Re: Not Really

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Posted by Finfan on April 11, 2005 at 10:40:56:

In Reply to: His position is a bit confusing posted by Elaine on April 10, 2005 at 21:27:12:

Without knowing the man, I believe he is associating the concept of "no take" as being "extreme" and therefore labeling conservation groups that believe the only way is "no take" as being "extreme conservation groups".

His viewpoints, if you review the United Anglers material in a nut shell, are basically, stop fighting the reserves as they are here to stay and concentrate on the "no-take" part of them. I think you will see that they believe, whether factually or just in perception, that "no take" is too extreme. I also believe you'll find that whether or not you agree with that thought process, United Anglers believes they can win a battle on that argument and is willing to fight that cause.

I think he's right that even recreational fishermen will support reserves as long as they have some limited element of take for recreational fishermen allowed.

The rec's don't like the commercials anymore than most of the conservationists. Even to some extent the private rec's versus the party boat rec's.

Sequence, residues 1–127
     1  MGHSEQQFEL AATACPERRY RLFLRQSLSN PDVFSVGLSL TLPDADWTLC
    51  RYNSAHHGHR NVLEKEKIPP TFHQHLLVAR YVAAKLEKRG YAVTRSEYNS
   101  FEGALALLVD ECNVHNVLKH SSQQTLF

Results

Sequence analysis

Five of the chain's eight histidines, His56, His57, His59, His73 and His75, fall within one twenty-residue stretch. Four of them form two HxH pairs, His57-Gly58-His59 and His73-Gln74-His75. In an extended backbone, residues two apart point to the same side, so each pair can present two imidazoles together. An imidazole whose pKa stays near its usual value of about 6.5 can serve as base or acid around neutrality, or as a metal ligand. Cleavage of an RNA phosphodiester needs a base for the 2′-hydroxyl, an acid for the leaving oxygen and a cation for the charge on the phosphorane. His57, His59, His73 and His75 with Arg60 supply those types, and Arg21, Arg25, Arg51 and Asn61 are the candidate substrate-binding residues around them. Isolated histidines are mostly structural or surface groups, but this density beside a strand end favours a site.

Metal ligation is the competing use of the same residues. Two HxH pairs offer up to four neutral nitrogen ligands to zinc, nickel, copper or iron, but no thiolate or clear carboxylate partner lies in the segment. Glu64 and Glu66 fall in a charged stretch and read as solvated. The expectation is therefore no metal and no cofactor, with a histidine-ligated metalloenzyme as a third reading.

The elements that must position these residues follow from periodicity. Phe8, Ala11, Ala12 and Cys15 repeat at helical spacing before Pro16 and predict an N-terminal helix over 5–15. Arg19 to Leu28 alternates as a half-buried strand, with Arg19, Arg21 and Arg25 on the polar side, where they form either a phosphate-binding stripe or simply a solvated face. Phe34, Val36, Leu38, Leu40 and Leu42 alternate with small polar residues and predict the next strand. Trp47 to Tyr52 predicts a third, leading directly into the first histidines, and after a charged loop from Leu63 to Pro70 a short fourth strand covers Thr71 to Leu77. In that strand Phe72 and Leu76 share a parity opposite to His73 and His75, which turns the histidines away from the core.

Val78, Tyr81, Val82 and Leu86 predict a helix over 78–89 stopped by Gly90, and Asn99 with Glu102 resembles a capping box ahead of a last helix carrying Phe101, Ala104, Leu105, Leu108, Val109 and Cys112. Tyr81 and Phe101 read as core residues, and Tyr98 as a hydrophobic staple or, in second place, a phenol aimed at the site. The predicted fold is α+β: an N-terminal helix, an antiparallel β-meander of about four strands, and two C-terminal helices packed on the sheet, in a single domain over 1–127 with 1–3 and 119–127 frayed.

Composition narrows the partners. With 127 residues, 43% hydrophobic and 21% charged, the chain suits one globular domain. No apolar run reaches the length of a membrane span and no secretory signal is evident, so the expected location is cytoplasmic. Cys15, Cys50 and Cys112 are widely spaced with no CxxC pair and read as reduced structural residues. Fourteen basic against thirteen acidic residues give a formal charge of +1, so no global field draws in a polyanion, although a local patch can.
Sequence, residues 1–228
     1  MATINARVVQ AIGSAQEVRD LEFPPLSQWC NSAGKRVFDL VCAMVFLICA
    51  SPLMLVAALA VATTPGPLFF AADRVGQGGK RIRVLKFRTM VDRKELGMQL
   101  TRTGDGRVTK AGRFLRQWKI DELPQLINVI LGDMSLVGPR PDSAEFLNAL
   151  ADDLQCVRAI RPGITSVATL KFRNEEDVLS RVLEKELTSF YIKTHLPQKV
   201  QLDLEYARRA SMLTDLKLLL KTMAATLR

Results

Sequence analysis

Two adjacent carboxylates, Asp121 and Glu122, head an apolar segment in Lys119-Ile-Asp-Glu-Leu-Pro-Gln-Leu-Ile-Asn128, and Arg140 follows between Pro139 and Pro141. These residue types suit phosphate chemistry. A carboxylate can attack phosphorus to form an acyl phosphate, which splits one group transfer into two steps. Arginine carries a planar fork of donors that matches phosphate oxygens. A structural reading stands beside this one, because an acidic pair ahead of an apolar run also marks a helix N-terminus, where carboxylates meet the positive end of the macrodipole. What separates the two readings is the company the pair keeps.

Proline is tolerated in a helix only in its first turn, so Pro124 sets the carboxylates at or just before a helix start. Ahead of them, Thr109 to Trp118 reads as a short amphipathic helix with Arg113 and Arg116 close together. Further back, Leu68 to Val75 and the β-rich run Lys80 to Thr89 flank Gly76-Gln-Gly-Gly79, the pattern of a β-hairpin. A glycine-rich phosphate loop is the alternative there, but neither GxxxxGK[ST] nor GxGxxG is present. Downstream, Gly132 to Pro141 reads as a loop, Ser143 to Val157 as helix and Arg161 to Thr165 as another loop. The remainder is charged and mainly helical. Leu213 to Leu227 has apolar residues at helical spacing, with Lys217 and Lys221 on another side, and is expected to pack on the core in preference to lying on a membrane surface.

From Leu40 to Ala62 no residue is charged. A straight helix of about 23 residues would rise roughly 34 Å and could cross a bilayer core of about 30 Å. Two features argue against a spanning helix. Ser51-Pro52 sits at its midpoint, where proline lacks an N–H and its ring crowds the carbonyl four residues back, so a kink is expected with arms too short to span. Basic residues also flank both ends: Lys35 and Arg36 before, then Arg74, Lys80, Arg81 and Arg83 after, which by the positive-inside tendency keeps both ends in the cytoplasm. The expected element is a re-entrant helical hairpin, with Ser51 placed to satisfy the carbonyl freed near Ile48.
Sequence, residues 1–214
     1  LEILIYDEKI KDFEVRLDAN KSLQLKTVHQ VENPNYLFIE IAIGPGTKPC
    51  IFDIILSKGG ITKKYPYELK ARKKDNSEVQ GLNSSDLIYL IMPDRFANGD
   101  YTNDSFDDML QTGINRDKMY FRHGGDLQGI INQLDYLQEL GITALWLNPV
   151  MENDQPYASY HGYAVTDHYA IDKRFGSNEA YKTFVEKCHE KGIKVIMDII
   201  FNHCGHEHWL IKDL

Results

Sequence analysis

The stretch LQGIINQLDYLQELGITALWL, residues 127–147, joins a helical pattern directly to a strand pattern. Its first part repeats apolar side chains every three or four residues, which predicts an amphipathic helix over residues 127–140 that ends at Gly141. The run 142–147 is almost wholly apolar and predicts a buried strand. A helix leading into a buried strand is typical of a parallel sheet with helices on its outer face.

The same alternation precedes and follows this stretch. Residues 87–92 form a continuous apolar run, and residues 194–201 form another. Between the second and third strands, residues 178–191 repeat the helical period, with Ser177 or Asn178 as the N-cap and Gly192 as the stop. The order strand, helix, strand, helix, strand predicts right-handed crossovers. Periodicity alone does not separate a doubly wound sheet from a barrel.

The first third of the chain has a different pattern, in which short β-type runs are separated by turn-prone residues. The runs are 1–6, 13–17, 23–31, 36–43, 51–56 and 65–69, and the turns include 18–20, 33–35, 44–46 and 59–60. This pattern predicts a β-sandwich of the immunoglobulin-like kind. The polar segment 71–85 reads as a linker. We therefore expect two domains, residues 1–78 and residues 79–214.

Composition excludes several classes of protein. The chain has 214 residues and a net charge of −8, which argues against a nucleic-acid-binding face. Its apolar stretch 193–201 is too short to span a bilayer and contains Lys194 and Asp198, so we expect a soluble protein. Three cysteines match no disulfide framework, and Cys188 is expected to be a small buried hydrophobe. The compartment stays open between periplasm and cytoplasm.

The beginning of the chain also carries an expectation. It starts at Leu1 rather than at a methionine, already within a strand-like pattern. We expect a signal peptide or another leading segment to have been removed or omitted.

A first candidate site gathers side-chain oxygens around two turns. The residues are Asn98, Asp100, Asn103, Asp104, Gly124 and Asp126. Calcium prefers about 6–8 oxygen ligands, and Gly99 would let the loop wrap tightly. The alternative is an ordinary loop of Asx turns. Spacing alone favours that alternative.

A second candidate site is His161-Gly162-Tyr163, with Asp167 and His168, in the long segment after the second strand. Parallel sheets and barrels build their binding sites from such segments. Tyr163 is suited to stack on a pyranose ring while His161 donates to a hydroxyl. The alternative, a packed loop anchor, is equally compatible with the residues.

I know most believe that it was the gill net ban that have brought back the white seabass, but I believe had United Anglers not put up the money and created/backed the hatchery program in place today, we wouldn't have seen those fish return as fast as they have.

One point that can't be under estimated is the fact that it would be much better to have the rec anglers behind the MLPA's and funding restoration of habitat, rockfish, abalone, lobster populations then having them use their money to fight them. If it means having to compromise a little with the rec interest maybe that isn't a bad thing. There are a lot of dollars they represent at the table.

I'm sure I get a fair share of criticism from this, but anytime you adopt an "all or nothing" position your going to be labeled "extremists". The fact is, United Anglers is positioning as an interest willing to compromise as long as they get their interest addressed and they are doing it under the guise of being open to compromise and not fighting the reserve idea. Sounds like fairly smart politicians setting up the conservative masses for a loss.

The fishing interest is ripe to be divided on the issue, the question is whether or not the conservational interest is smart enough to use it to their advantage. Divided you conquer and probably get more reserves than ever. Undivided and organized you could find expansion of the reserves difficult and costly. And that's money that would be doing a whole lot better in structure restoration and habitat creation.

Just my read on the deal!

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